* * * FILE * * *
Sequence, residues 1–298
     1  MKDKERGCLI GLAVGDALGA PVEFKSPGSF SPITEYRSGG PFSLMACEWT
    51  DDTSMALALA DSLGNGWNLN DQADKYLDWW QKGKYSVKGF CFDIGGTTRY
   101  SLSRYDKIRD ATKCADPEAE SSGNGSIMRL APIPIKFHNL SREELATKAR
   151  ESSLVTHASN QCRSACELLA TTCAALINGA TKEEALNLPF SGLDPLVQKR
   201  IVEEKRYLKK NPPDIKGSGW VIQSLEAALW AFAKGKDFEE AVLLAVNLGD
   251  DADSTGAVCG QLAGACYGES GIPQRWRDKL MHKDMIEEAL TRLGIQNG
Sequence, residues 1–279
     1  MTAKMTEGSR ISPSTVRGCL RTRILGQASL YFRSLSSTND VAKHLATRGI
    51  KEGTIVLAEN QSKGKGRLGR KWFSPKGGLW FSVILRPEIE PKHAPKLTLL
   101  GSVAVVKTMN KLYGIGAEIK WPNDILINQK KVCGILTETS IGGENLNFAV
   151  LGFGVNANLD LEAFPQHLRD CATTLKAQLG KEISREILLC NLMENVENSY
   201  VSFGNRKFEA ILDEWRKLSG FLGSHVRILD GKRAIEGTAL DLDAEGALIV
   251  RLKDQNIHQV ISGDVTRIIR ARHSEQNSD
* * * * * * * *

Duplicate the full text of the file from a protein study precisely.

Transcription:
Sequence, residues 1–298
     1  MKDKERGCLI GLAVGDALGA PVEFKSPGSF SPITEYRSGG PFSLMACEWT
    51  DDTSMALALA DSLGNGWNLN DQADKYLDWW QKGKYSVKGF CFDIGGTTRY
   101  SLSRYDKIRD ATKCADPEAE SSGNGSIMRL APIPIKFHNL SREELATKAR
   151  ESSLVTHASN QCRSACELLA TTCAALINGA TKEEALNLPF SGLDPLVQKR
   201  IVEEKRYLKK NPPDIKGSGW VIQSLEAALW AFAKGKDFEE AVLLAVNLGD
   251  DADSTGAVCG QLAGACYGES GIPQRWRDKL MHKDMIEEAL TRLGIQNG
Sequence, residues 1–279
     1  MTAKMTEGSR ISPSTVRGCL RTRILGQASL YFRSLSSTND VAKHLATRGI
    51  KEGTIVLAEN QSKGKGRLGR KWFSPKGGLW FSVILRPEIE PKHAPKLTLL
   101  GSVAVVKTMN KLYGIGAEIK WPNDILINQK KVCGILTETS IGGENLNFAV
   151  LGFGVNANLD LEAFPQHLRD CATTLKAQLG KEISREILLC NLMENVENSY
   201  VSFGNRKFEA ILDEWRKLSG FLGSHVRILD GKRAIEGTAL DLDAEGALIV
   251  RLKDQNIHQV ISGDVTRIIR ARHSEQNSD